Hip Hop Fundamentals: Breakdancers teach history to Philly students
Breakdance troupe Hip Hop Fundamentals is using music to teach civil rights history in light of the Philadelphia School District's planned mass closings.
A local group of breakdancers called Hip Hop Fundamentals held a free performance on Sunday at Clark Park in West Philadelphia.
The dance troupe, which uses breakdancing to teach academic content in light of the School District's planned closure of 24 public schools, kicked off a fundraising campaign to bring their Civil Rights Movement assembly toten neighborhood public schools, at no cost to the institutions.
The assembly is described as anhourlong interactive mashup of hip hop performance, history lecture and participatory theater focusing on student involvement in the American Civil Rights Movement as seen through the eyes of Dr. Martin Luther King, Jr.
"With all these education cuts, young people in Philly are losing their ability to participate in the arts," Hip Hop Fundamentals co-owner and performer Mark Wong said in a statement.
"We want to provide that opportunity to the students who need it most in our communities."
Hip Hop Fundamentals last month launched a Kickstarter campaign to raise the $10,000 needed to take their Civil Rights Movement tour on the road.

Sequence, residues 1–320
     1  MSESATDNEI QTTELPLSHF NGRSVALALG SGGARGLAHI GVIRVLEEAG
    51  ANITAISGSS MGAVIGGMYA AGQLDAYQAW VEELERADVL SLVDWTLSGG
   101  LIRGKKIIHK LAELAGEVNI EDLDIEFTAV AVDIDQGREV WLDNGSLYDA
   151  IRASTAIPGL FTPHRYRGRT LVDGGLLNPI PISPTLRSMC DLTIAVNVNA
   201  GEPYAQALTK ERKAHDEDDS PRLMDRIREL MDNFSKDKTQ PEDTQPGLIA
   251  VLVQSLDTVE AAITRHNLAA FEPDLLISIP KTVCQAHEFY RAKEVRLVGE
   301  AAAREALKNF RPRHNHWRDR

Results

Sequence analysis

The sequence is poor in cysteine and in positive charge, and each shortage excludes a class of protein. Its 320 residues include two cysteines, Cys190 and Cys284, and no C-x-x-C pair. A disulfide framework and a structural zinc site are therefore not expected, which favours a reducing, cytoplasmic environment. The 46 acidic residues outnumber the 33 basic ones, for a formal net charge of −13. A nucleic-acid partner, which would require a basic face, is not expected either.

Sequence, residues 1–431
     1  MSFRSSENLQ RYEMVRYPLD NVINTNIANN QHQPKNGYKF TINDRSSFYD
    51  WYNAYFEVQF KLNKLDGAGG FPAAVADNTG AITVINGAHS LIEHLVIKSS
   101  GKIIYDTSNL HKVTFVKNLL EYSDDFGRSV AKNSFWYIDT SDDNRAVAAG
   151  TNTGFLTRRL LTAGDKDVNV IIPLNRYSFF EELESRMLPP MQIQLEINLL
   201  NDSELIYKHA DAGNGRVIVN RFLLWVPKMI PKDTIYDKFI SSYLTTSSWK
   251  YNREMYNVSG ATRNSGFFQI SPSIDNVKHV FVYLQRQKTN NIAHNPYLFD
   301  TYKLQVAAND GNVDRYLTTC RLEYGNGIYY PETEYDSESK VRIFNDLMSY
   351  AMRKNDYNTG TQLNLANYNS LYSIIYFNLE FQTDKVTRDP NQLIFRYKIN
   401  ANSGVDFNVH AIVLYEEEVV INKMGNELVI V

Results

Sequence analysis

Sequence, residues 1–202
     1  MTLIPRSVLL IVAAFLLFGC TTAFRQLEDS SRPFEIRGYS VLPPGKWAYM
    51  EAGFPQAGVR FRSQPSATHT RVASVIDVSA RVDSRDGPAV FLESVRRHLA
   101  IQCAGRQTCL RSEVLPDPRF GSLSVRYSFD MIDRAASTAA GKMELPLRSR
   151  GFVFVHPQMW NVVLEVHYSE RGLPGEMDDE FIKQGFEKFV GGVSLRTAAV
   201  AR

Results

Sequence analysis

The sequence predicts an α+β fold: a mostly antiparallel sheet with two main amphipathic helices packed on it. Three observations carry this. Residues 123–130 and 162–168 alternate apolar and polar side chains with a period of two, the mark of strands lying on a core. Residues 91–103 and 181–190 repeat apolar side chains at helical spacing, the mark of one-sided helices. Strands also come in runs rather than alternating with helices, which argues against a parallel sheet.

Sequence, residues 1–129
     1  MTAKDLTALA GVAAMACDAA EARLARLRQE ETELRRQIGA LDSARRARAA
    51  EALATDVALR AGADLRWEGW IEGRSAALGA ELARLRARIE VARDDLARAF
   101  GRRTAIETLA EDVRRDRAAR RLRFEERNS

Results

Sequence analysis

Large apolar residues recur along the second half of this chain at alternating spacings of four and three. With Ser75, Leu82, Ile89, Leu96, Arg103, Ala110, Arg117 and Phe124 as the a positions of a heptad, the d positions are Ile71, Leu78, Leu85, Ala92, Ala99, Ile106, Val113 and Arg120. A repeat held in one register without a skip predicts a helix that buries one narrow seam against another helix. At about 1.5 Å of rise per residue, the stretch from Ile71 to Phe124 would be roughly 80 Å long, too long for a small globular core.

"We want to share this educational experience with students at under-resourced schools in our city," Education Director Aaron Troisi said in a statement.
"But we also pride ourselves on employing young, local up-and-coming dancers and paying them well for their talent. So we have to raise the money somewhere. By donating to our Kickstarter, other caring people are empowering us to bring arts programming back into our schools."
An estimated 50 families attended the Sunday performance, with some of the audience members using their smart phones to donate to the cause on the spot.
"It’s an amazing assembly," said high school student Tyrell White, who performed on Sunday and at the debut of the show at The African American Museum on Martin Luther King Day.
"It’s the best history lesson I ever had."